When you live in a culture that is different from your own, you adopt some things and adapt other things. (But let’s be honest, some things you don’t even try!)

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Patricia was my language teacher starting in 2002. We have Easter dinner at her house each year.

Celebrating Easter this year was no exception. Although Senegal is predominantly Muslim (around 95%), Christians throughout the country celebrate the resurrection of Christ. According to a friend up in northern Senegal, their cable tv station even got into the spirit by airing a holiday movie. It was ‘Miracle on 34th Street’. Hmm… wrong holiday. But it’s the thought that counts, right?

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Banana breads, each with an Easter note, ready to be delivered.

A huge part of Senegalese holidays is sharing food with your friends, neighbors and the poor. (I love that, don’t you?) So on Muslim holidays, special meals of ram and rice are passed around from neighbor to neighbor.

And on Christian holidays, ngalakh, a special dessert called made from peanut butter, the fruit of the baobab tree and millet, is shared. If you ask most Senegalese to say the first word they associate with Easter (Pâques), odds are good that they will say ‘ngalakh’.

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Easter 2013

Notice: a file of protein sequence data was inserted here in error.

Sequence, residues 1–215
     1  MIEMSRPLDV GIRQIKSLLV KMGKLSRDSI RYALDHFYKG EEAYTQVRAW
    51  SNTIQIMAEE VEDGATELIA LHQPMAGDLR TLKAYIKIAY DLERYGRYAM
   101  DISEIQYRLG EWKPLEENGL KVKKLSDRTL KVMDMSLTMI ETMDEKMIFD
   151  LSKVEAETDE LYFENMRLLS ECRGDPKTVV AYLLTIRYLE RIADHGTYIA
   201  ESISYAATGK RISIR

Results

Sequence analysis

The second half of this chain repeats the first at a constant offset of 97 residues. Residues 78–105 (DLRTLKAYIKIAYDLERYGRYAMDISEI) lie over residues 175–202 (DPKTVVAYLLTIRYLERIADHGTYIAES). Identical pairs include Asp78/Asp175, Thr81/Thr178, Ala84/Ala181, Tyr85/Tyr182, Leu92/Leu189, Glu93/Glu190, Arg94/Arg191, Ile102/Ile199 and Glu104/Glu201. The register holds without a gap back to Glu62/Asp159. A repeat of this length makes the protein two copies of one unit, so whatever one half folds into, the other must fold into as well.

In case you haven’t noticed, I’m a toubab. I don’t have the genes for carrying stuff on my head, dancing mbalax or making ngalakh. So I didn’t even try. But I did adapt the tradition by making loaves of banana bread to take to our neighbors.

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After church with Julie and JB

Another tradition I adapted was my Easter outfit. My husband’s Senegalese mom (did you follow that?) gave me this dress as a wedding gift, but I’d never worn it. Somehow pink embroidery just seemed right on Easter. Plus, we were going to a Senegalese friend’s house for lunch.

It’s a long tunic top over a skirt, and then the musoor headwrap. I like it because it’s not too frilly (pink and embroidery is girly enough for me!), fairly cool and easy to walk in.

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Wearing my dress from Yaye Coumba

I’m on the fence when it comes to head scarves on toubabs. I want to love them – and I do on others. I think I’ve figured out that, for me, the key is not to cover all my hair. (Anyone out there know if this is a culturally acceptable adaptation?)

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To headscarf or not to headscarf? Often the question…

For more on Easter fashions in Senegal, head over to see the latest post on The Gazelle Skirt!